To critics, the Mariota Center is another reminder of UO’s wrong priorities
A previous version of this article stated the athletic department was only partially self-sustained. The athletic department doesn’t receive any direct institutional support. The article also stated Phil Knight had given $50 million to PathwayOregon. This was not correct.
Student athletes have special tutors in the $41 million Jaqua Center. The rest of the student body is tutored in the basement of Prince Lucien Campbell Hall.
Student athletes can study in chairs made of Ferrari leather on floors made of Brazilian Ipe wood in the Hatfield-Dowlin Complex. The rest of the student body studies wherever Wi-Fi is good.
And soon, student athletes will be able to catch a nap in rest pods, work out in a boxing ring and improve their form with 3D image-capturing technology in the $19.2 million Marcus Mariota Sports Performance Center.
With the construction of this new athletes-only performance facility breaking ground this month, critics are raising questions about the University of Oregon’s priorities and whether athletes are put on a pedestal above the rest of the student body.
To build this center, UO went around the world gathering ideas — even going to NASA. The focus is mostly recovery: There will be therapy available for athletes and big areas for stretching and foam-rolling.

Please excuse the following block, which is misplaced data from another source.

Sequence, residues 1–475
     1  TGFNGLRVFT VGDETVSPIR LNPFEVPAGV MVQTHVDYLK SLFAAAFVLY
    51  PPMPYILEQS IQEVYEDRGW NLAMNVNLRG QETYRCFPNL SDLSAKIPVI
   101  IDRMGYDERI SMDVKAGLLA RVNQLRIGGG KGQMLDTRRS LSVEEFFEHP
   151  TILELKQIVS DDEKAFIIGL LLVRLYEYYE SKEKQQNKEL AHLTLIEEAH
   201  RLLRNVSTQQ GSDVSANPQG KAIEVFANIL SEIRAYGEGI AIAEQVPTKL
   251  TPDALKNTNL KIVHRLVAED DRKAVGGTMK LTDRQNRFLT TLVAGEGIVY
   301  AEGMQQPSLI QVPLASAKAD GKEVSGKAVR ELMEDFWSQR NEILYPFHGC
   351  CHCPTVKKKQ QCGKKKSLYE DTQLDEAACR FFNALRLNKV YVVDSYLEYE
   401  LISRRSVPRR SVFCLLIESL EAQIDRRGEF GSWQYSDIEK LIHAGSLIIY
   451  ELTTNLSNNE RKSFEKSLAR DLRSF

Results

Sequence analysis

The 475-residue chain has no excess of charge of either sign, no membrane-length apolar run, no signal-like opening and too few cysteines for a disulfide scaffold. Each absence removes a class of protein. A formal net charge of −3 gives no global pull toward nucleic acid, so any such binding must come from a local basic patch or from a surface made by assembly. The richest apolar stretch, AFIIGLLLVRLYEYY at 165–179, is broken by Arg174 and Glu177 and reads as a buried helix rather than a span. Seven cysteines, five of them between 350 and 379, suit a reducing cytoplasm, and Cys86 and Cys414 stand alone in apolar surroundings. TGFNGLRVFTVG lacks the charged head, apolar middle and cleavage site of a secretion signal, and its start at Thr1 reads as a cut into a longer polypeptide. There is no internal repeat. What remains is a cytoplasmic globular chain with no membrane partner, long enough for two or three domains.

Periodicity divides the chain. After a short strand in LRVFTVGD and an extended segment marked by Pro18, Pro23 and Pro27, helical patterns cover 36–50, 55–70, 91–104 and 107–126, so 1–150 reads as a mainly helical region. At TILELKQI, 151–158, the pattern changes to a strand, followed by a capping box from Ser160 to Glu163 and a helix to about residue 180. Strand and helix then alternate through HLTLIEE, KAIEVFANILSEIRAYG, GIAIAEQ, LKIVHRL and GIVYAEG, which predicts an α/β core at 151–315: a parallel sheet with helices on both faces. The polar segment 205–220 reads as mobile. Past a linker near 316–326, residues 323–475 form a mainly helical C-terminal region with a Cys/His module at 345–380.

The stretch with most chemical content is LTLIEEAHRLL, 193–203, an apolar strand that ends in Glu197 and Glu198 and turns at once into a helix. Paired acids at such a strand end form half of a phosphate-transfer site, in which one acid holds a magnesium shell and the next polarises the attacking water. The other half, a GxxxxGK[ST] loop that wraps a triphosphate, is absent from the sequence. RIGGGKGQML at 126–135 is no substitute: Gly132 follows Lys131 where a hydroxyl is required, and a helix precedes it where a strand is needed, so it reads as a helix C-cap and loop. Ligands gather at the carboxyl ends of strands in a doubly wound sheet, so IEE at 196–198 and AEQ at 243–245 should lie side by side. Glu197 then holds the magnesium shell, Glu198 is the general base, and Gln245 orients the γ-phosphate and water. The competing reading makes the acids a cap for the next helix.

UO isn’t actually putting up the money to build the complex. The initial construction costs are $19.2 million, according to a building permit the university filed in November, and the complex is funded by Nike co-founder and chairman Phil Knight. The center is expected to be 29,000 square feet when completed, according to materials from the Board of Trustees.
That doesn’t mean UO isn’t investing in this complex. Power, maintenance and paying two full-time staff members will come out of athletics’ budget, but it’s not clear yet how much that’s going to be, according to Craig Pintens, a spokesperson for athletics. The Jaqua Center has $2.2 million in academic and operational expenses per academic year, according to Steve Stolp, executive director of services for student athletes. (The athletic department doesn’t receive any direct institutional support, according to Pintens.)
These lavish facilities have drawn lots of criticism from the university’s faculty and students. Dana Rognlie, a doctorate student in philosophy who has been a vocal critic of the university for years, calls Knight’s contribution “a private donation to a public university for private use.”
This question came up back when Jaqua was being constructed in 2010. At the time, some faculty told the Emerald that Jaqua was “a symbol of the university’s wrong priorities.”
Carol Stabile, a women’s and gender studies professor and another outspoken critic of the university, points to older buildings on campus with “terrible technological infrastructure” like outdated Wi-Fi. IT has compared the university’s Wi-Fi to “one of the older buildings on campus” and says it needs an upgrade. Stabile points to other buildings that are full and “bursting at the seams,” like Allen Hall. Many faculty members have been moved out of Allen and into Franklin Hall; they often have to walk 10 minutes to their classrooms.